Authentrend AT.Wallet crypto hardware wallet

AT.Wallet Hardware Wallet

The AT.Wallet is a chip card hardware wallet that stores your crypto funds outside of an exchange. It’s usable with any internet-accessible computer. The chip card has an OLED screen on the card to display the transaction details. Instead of using passwords and pins, the hardware wallet utilizes a biometric finger scan mechanism to secure access to your chip card.

Should you buy this crypto hardware wallet? Read below to find out!

Hardware Review

The AT.Wallet chip card, a micro USB cord that connects to an included USB dock device, and two papers for recording your 24-word seed phrase are all included in the packaging. The USB dock charges the card and connects it to the desktop. The wallet card features a biometric scanner (bottom left) and a screen (top right) on the front, behind the AT.Wallet card is a power button. When you press the button, a pair of red and blue lights inside the card come on. The red light illuminates to show that the included USB dock must recharge the chip card.

It’s a little challenging to get the AT.Wallet operating. I press the power button many times, but it does nothing. It finally works for me to slide the card into the dock from the top, making sure the three dots align with the ones in the slot, then slam it down. This action activates a pair of blinking blue and green lights. I’m able to connect the chip card to my desktop, but not to my mobile phone. I tried connecting to the AT.Wallet through my phone using Bluetooth, double-tapping the power button, and attempting pairing from within and outside the app, but I kept failing.

To charge the chip card:

  1. Align the three dots on the card with the three dots in the charging dock.
  2. Place the card inside and close the dock.
  3. Plug the USB cord into a charging outlet. When charging has begun, a red light will illuminate the charging dock.


The AT.Wallet seems intuitive and straightforward. While it’s the size of a credit card, it appears to be a few inches thicker than a regular payment card, and it looks like something you could easily place in your wallet. Unfortunately, for me, the Bluetooth connection is broken.

Activate and Setup Review

You can use a desktop program or a smartphone app. I choose the desktop version because the mobile app will not connect to the wallet chip card. I go to Authentrend’s website in the hopes of finding the program, but I’m not sure where to look. I eventually discovered their software download section and selected the proper operating system (Windows 10). After installing, I run the app and then activate the AT.Wallet chip card. The visual instructions walk me through the process of establishing my biometric finger scan. After completing that process, I follow the steps to create a new wallet (it’s every option that’s not “Enroll”). You can choose the length of your seed phrase, from 12 words to 24 words (15, 18, and 21 lengths are possible selections as well). Then you’re shown the seed phrase. The next screen asks you questions about your seed phrase (“Which index does {word} appear at? What is the sum of the index of {word} and {word}?”). You also have the option to add a passphrase. After following all the steps, the wallet setup is done!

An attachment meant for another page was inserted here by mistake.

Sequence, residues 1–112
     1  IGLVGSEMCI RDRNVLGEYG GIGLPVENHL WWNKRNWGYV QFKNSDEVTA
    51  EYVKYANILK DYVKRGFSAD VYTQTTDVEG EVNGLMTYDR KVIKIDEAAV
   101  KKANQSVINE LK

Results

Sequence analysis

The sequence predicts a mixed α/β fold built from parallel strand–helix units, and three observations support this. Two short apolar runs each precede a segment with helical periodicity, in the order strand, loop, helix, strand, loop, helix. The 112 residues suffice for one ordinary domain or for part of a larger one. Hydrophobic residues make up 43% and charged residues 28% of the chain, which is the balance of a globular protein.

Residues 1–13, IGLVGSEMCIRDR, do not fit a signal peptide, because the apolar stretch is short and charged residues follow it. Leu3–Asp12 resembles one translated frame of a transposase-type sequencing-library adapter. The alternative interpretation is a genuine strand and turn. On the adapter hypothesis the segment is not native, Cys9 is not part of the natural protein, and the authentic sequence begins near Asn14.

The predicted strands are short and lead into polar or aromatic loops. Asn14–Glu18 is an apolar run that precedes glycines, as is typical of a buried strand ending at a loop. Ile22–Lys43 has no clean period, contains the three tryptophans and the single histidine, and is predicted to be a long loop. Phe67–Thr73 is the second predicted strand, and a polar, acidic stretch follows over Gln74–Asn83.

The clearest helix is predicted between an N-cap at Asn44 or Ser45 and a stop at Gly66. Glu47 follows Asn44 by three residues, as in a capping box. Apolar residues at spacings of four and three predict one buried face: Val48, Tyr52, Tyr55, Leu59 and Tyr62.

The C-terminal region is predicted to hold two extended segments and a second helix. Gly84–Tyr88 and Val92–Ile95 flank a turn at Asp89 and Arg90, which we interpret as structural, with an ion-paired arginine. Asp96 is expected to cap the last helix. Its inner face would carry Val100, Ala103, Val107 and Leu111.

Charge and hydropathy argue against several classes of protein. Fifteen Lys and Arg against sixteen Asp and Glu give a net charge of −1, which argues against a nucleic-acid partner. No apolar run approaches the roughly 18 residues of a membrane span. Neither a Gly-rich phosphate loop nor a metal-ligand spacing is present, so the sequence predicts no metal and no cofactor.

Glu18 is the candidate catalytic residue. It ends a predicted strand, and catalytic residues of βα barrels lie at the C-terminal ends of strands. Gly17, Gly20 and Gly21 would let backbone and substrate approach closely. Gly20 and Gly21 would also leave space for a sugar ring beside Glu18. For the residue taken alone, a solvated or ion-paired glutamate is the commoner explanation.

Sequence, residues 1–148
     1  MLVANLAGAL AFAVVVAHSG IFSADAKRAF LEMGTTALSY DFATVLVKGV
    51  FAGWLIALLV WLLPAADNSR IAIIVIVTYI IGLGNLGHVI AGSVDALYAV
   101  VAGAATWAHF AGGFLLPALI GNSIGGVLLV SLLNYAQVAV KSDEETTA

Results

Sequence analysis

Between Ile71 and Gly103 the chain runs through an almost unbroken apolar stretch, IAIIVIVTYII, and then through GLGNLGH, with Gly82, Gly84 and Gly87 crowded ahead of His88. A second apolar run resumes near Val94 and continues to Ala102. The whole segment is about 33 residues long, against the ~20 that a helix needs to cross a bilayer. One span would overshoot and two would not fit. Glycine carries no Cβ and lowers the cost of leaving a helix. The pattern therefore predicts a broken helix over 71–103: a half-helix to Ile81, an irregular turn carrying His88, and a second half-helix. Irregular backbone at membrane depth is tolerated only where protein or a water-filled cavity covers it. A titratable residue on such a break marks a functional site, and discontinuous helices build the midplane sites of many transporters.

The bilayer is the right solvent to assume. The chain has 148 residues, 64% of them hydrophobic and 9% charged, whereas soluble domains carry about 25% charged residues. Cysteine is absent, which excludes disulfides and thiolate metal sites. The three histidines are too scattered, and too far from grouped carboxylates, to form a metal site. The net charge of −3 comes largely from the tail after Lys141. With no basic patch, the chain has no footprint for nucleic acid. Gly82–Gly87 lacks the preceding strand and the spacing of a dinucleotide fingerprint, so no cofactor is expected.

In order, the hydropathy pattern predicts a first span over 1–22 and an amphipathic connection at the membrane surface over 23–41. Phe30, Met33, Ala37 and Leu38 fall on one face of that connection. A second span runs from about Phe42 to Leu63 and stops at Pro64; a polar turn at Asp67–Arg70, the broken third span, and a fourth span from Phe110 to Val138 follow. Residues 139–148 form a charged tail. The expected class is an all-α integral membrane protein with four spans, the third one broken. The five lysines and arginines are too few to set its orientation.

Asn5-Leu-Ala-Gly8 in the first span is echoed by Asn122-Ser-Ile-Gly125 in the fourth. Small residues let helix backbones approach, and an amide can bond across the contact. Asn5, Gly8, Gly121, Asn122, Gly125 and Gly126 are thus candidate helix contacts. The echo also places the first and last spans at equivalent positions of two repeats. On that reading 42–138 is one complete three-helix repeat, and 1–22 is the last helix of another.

You can add extra fingerprints. Go into settings, scroll to “Fingerprints Management,” and then choose “Enroll Fingerprints.”


The activation process is quick to complete. It does not request you to type the seed phrase for confirmation; and instead, it queries you about the mnemonic phrase for verification. Activating the fingerprint mechanism is straightforward, and I didn’t encounter any problems or roadblocks. But, struggling to navigate the website is a significant setback, and I don’t imagine someone new to cryptocurrency bothering to find the download link.

Transaction Review

You can only send and receive funds. To receive funds, click on “Receive”. A QR code appears on the screen, along with a public address string below it. You may also copy the address by clicking the Copy button. After I sent money to the generated public address and confirmed the transaction on the blockchain explorer, I expected my cryptocurrency balance to change, and it didn’t. The wallet’s balance still displayed 0 funds, even after restarting the device and the software. 

I can’t provide a review of sending transactions because the desktop app doesn’t sync with the balance on the blockchain. 


It’s a shame that the cryptocurrency balance in the app contradicts what the blockchain says. As a result, I am unable to provide an overview of how to transfer money.

Security Review

According to the Authentrend website, the AT.Wallet chip card implements Infineon Secure Element (SLE97, EAL 5+SE) for generating encrypted private keys. The biometric fingerprint mechanism allows for using multiple fingerprints for your card.

Supported Coins

You can choose to add wallets for up to 8 different cryptocurrencies. It’s unclear if the AT.Wallet supports ERC-20 tokens. Supported cryptocurrencies are the most popular: BTC, ETH, ETC, DASH, LTC, XRP, BCH, and DOGE. 

Overall Opinion

This hardware wallet only supports eight cryptocurrencies, which means that it is hard to recommend. It’s unclear what caused the problem, but I couldn’t get my phone to connect with the AT.Wallet even after many tries. The desktop software has difficulties synchronizing with the blockchain explorer. No user guide explains certain functions (such as connecting with external dapp services for defi, as implied on their website). The AT.Wallet is a chip card I’m happy to avoid in the future.